London Southend Airport applies for Controlled Airspace
London Southend Airport has started the process to apply for ‘controlled airspace’ in order to safeguard aircraft approaching and departing from the airport and minimise distance flown to improve environmental performance.
The Airport had Controlled Airspace until 1993, when it was removed following a reduction in scheduled services using the airport. Temporary Controlled Airspace was also in operation at the airport during the London Olympic Games.
Controlled Airspace is a defined area of the air space around an airport where any aircraft must communicate with Air Traffic Control. The application to introduce controlled airspace was one of the commitments the airport made to local councils and community groups as part of the airport’s redevelopment.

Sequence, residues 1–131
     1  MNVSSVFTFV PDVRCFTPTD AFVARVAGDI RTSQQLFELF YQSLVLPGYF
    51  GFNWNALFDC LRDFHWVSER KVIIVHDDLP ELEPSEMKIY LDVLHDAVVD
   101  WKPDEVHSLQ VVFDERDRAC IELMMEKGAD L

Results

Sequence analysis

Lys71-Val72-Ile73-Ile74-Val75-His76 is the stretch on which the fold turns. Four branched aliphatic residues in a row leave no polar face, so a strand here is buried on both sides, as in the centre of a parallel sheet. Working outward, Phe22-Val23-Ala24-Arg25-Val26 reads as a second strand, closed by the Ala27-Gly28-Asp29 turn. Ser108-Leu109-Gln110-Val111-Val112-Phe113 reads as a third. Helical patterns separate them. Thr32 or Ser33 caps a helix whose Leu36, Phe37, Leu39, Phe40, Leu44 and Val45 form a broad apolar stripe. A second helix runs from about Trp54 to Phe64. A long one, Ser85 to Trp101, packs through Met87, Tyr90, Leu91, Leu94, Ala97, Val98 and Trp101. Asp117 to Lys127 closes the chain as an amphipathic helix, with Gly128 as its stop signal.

Currently aircraft are permitted to come within 2.5 miles and 2000 feet in height of London Southend Airport without having to talk to air traffic controllers, which can lead to unplanned alterations to an aircraft’s track and possible delays in the arrival and departure of scheduled flights.
The application process - which is envisaged to take around two years to complete - will include an extensive public consultation process during late 2013.
The final decision over whether to reinstate the Controlled Airspace over London Southend Airport will be taken by the Directorate of Airspace Policy (DAP) within the Civil Aviation Authority (CAA).
London Southend Airport Managing Director Alastair Welch explained “Safety and security are our number one priority. Controlled Airspace safeguards aircraft when they are approaching and departing the airport. Improving our efficiency by getting aircraft in and out of the airport without last minute alterations and delays will also minimise the impact of the airport’s operations on the local community and is much better for the environment. Temporary Controlled Airspace around London Southend Airport was operated very successfully during the London 2012 Games, and we are now seeking to have this reinstated as a permanent feature.”
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